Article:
It’s the first Thursday of the month. Time to report!
What is the best book you read in May 2020 and why did you love it? It doesn’t have to be a newly published book, or even SFF. We just want to share some great reading material.
Feel free to post a full review of the book here, or a link to the review on your blog, or just write a few sentences about why you thought it was awesome.
And don’t forget that we always have plenty more reading recommendations on our Fanlit Faves page and our 5-Star SFF page.
As always, one commenter will choose a book from our stacks.
This is copied from my dreamwidth account at melita66.
Things settled down a bit in May and I was able to start reading again.
I decided to read a bunch of the People stories from the Ingathering collection. These are by Zenna Henderson. While there are scary moments in these, they’re also very hopeful. The People are refugees, who have landed on Earth after their planet shook itself apart. The stories take plane in the American southwest, starting late 1800s and into the middle of the 20th century. The People meeting good and bad humans, of course, with a recurring theme of “Different is dead” and finding new homes with found family. There’s some racial profiling with Hispanics like the girls are early to mature, etc.
I slammed through the four Murderbot novellas and the short story, “Home” that the publisher released to people who bought the hardcover. Home takes place on Preservation Station after Dr. Mensah had been rescued. It’s told from Mensah’s point of view and reveals that she’s struggling with PTSD.
A short story, “Spoken For”, by A.J. Demas. The continuing story of Pheres and Bedar from “One Night in Boukos”. The power balance is changing as they travel to Zash where Bedar is from.
A new installment of Desdemona and Penric from Lois McMaster Bujold! The Physicians of Vilnoc find Penric married and with a child. His brother-in-law asks him to investigate an outbreak of disease at the local military fort. The main doctor has died so his second and Penric start treating and investigating the cause of the disease. I squirmed a bit because the timing is not so good because the COVID-19 pandemic. An excellent entry in the series nonetheless.
K.J. Charles released a few books for free. I’ve seen her books recced multiple places so I thought I give one a try. I picked up The Magpie Lord and quickly read it and its 2 sequels, A Case of Possession and Flight of Magpies. These are fantasy. There’s energy in the ether and some people can use it to do magic. Lucien Vaudrey is now heir after the death of his father and brother. He’s returned to England from China with Crane, his crony. He was sent to China by his father due to his “proclivities.” It turns out there’s a curse on his house and Stephen Day, magician, shows up to get rid of it. There ends up being a conspiracy, many secrets, and so on that wind through the three books. Engaging characters and decent worldbuilding. There are some related stories but I haven’t read them yet.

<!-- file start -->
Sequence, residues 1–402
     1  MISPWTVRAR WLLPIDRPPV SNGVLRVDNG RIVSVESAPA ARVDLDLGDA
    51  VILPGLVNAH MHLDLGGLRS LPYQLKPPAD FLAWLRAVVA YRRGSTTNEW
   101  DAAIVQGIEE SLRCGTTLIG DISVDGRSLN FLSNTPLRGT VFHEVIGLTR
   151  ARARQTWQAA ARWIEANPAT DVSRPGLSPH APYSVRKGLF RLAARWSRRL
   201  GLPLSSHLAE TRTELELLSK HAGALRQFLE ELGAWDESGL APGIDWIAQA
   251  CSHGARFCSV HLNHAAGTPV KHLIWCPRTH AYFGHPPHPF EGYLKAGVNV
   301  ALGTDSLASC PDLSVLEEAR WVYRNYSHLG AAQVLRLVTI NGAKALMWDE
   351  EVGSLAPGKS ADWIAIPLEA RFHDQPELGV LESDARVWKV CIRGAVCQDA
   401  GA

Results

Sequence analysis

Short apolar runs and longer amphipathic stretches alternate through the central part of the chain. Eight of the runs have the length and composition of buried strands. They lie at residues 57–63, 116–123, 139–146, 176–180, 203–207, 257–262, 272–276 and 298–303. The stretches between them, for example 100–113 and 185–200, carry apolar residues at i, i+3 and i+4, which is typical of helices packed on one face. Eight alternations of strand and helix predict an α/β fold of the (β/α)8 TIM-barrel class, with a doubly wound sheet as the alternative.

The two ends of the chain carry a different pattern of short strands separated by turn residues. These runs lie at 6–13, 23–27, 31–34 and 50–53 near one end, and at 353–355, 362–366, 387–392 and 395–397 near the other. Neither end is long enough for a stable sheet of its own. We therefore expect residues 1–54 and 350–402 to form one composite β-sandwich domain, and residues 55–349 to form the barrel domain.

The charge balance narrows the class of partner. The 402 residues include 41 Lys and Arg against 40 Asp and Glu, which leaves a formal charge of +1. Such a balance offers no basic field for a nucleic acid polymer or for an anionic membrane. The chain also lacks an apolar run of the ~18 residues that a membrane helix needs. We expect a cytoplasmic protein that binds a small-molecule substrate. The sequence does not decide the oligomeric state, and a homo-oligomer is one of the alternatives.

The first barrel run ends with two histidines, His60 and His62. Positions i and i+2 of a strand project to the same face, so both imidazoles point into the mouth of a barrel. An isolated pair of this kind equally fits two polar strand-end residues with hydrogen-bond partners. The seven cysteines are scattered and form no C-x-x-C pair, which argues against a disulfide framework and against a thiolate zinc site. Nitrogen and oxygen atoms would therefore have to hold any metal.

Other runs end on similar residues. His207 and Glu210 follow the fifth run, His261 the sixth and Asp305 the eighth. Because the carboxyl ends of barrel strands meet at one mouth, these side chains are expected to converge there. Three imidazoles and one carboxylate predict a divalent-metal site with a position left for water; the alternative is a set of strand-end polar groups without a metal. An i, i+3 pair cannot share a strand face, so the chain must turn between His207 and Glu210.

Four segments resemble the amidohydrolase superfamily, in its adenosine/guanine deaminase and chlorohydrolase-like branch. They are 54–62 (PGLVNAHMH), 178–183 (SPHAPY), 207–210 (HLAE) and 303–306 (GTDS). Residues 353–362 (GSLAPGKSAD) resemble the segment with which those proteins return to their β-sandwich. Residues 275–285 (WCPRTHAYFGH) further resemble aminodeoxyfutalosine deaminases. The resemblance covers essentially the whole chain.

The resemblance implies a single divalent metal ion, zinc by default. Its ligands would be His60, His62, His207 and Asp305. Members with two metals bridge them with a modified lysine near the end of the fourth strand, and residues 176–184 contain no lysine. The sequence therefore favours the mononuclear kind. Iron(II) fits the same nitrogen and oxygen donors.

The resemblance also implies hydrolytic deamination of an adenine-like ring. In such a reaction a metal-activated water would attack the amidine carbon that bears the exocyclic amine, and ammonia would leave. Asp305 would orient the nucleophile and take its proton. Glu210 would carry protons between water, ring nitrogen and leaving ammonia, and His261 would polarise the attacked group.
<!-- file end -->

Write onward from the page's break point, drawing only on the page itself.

I then picked up An Unseen Attraction, a story in the Sins of the Cities series. This one is about Clem Talleyfer, a bastard son who’s been set up as a boarding house keeper and one of his tenants, Rowley Green, a taxidermist. A terrible tenant who has been living there for free at the request of Clem’s brother shows up dead. An author trope showed up–one of the couples will be big and brawny, while the other will be slim, weedy. So far the other books in the series haven’t piqued my interest enough to buy them.
I switched to another series, The Society of Gentleman, and read the final story, A Gentleman’s Position about David Cyprian, valet to Lord Richard Vane. This series and the previous one are historical, not fantasy. I assume I’ll read more from Charles but will likely try something else next. (Nope, I’ve been continuing to read various Charles book. She’s quite prolific)
Melita, where can I find links to these free stories by KJ Charles, please?
It was a promo for the pandemic and/or the publication of her 20th book. She made The Magpie Lord free. She also was running a contest for 2 of her self-published stories but it’s closed already.
She has some related stories for free on her website, http://kjcharleswriter.com/free-reads/
So “A Case of Possession”, “Flight of Magpies”, “An Unseen Attraction” and “A Gentleman’s Position” were not also free?
I read The Immortal Conquistador by Carrie Vaughn. It’s a book of short stories featuring The vampire Rick who was a character in her Kitty Norville series.
“Sigh, Gone: A Misfit’s Memoir Of Great Books, Punk Rock, and the Fight To Fit In” by Phuc Tran.
Utopia Avenue by David Mitchell hands down
For one of my classes (I’m studying to be a librarian), I had to read “The Female of the Species” by Mindy McGinnis. It’s a YA thriller about 3 adolescents in their senior year of high school who have to confront their potential futures outside of rural Ohio while a string of unsolved murders occur within their town. I highly recommend the book!
Best: The Empress of Salt and Fortune, a novella or very short novel by Nghi Vo, begins with a monk and a talking bird arriving at a shrine watched over by an old woman called Rabbit. As the monk goes about cataloging the artifacts at the shrine, Rabbit recounts her time spent as a servant to the titular Empress. The Empress starts off as, in effect, a hostage exchange from a nation defeated by the Emperor’s military, sent to become his principal wife. After bearing a royal heir, she is banished to live far from the imperial court. But the conquered nation has only superficially submitted to imperial rule, and the Empress serves as a spy in enemy territory and coordinator of the coming counter-strike. This is a revenge tale in a world with much magic and little technology, told with economy and style.